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  • Homecare service

Archived: Your Life Your Support

Overall: Good

43-45 Thicketford Road, Bolton, Lancashire, BL2 2LS (01204) 653295

Provided and run by:
Mrs. Nicola Walton-Lowe

The provider of this service changed. See new profile

All Inspections

6 January 2017

During a routine inspection

This announced inspection took place over two days. On the 06 January 2017 we visited the office and spent time talking to the management team and looking at records. On 09 January 2017 we contacted support staff, professionals who are involved with the service and people who used the service. We did this to seek their views and opinions on the service and the care provided.

The service had not yet been inspected at these premises. Your Life Your Support is a small domiciliary care agency and at the time of the inspection there were 57 people receiving support, 25 of whom were in receipt of support with personal care. It is registered to provide a service to people with learning and/or physical disabilities to enable them to remain in their own homes, as well as access community resources.

At the time of the inspection there was a registered manager in post. A registered manager is a person who has registered with the Care Quality Commission to manage the service. Like registered providers, they are ‘registered persons’. Registered persons have legal responsibility for meeting the requirements in the Health and Social Care Act and associated Regulations about how the service is run.

Risk assessments were in place and methods used to minimise risks to individuals were incorporated within support plans.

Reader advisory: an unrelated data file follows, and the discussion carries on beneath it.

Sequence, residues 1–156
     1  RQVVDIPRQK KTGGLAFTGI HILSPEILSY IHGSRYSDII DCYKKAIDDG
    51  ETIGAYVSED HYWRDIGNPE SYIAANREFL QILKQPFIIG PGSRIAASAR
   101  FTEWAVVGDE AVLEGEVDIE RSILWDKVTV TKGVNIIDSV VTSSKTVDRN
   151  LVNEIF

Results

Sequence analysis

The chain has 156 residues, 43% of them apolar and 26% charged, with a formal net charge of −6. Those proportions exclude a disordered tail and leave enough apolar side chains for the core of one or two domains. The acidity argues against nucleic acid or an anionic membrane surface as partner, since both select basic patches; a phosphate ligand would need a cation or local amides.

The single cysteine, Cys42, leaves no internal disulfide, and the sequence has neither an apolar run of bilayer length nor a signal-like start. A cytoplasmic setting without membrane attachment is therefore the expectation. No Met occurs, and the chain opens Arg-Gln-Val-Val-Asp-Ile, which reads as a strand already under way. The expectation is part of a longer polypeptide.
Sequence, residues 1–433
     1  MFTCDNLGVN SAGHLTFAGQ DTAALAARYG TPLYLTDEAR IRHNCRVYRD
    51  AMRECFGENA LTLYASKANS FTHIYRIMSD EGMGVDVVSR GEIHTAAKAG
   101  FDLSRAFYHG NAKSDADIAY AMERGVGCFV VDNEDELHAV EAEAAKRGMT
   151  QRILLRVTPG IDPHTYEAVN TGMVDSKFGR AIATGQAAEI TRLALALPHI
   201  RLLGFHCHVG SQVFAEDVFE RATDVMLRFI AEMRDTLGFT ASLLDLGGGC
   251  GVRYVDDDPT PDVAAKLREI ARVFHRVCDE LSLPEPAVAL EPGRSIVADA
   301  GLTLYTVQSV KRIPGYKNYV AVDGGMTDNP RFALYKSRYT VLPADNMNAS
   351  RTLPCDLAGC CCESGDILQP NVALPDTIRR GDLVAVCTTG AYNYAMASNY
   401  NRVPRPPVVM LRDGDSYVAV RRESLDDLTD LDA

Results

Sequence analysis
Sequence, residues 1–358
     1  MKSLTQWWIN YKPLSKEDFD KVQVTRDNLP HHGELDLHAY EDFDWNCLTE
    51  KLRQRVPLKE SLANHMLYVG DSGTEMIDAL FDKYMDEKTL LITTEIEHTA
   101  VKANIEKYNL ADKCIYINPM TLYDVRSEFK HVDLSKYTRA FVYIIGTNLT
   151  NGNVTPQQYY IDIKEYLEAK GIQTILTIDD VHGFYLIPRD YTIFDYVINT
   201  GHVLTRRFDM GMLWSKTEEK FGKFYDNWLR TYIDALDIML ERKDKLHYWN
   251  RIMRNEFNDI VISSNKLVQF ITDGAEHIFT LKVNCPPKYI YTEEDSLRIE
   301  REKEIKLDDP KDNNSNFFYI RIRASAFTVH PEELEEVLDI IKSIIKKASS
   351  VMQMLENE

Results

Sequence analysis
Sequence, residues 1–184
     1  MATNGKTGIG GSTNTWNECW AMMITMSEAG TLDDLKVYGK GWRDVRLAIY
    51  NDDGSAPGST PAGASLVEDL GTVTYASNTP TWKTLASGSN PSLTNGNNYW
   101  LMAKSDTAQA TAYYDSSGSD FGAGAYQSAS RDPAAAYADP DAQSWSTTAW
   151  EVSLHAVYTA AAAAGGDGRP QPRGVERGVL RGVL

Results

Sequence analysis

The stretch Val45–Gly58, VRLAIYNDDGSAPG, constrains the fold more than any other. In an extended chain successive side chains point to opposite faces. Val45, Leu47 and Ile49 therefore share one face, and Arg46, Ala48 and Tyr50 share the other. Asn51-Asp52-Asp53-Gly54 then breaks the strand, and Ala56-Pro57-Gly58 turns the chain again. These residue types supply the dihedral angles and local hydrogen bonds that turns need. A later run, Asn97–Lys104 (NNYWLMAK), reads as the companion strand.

There was an appropriate safeguarding policy in place and staff were aware of the procedure for recording and reporting any issues. Accidents and incidents protocols were followed by staff and responded to and documented as required.

The recruitment procedure was robust and the induction programme and initial training was thorough. A significant amount of training was continually offered to staff throughout their employment. Medication training had been undertaken by all staff and was supported by a thorough and comprehensive medicines policy and procedure.

Staff supervisions took place on a regular basis and staff were also supported by informal chats and weekly catch ups.

Support plans included a range of health and personal information and were person-centred. We saw that communication with other health and social care agencies was effective. People’s backgrounds, interests, likes and dislikes were documented. The service was flexible and responsive to people’s changing needs and health issues.

The service was working within the legal requirements of the Mental Capacity Act (2005) (MCA) and we saw evidence of decision making in individuals’ best interests.

People we spoke with were very happy with the service and the individual workers who supported them. We saw that people were fully involved with all aspects of care planning and reviews of support.

The service used various methods of communication with people who used the service. We saw that people were encouraged and supported to be as independent as possible.

There was an appropriate complaints policy in place, but there had been no recent complaints. The service had received a number of compliments.